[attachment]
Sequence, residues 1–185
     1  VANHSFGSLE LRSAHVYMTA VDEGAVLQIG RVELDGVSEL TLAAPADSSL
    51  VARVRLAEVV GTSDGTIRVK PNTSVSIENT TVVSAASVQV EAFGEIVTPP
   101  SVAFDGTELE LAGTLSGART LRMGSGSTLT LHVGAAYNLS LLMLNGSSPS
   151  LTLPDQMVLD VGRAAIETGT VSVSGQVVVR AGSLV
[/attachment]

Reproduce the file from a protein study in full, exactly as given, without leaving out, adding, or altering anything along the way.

Sequence, residues 1–185
     1  VANHSFGSLE LRSAHVYMTA VDEGAVLQIG RVELDGVSEL TLAAPADSSL
    51  VARVRLAEVV GTSDGTIRVK PNTSVSIENT TVVSAASVQV EAFGEIVTPP
   101  SVAFDGTELE LAGTLSGART LRMGSGSTLT LHVGAAYNLS LLMLNGSSPS
   151  LTLPDQMVLD VGRAAIETGT VSVSGQVVVR AGSLV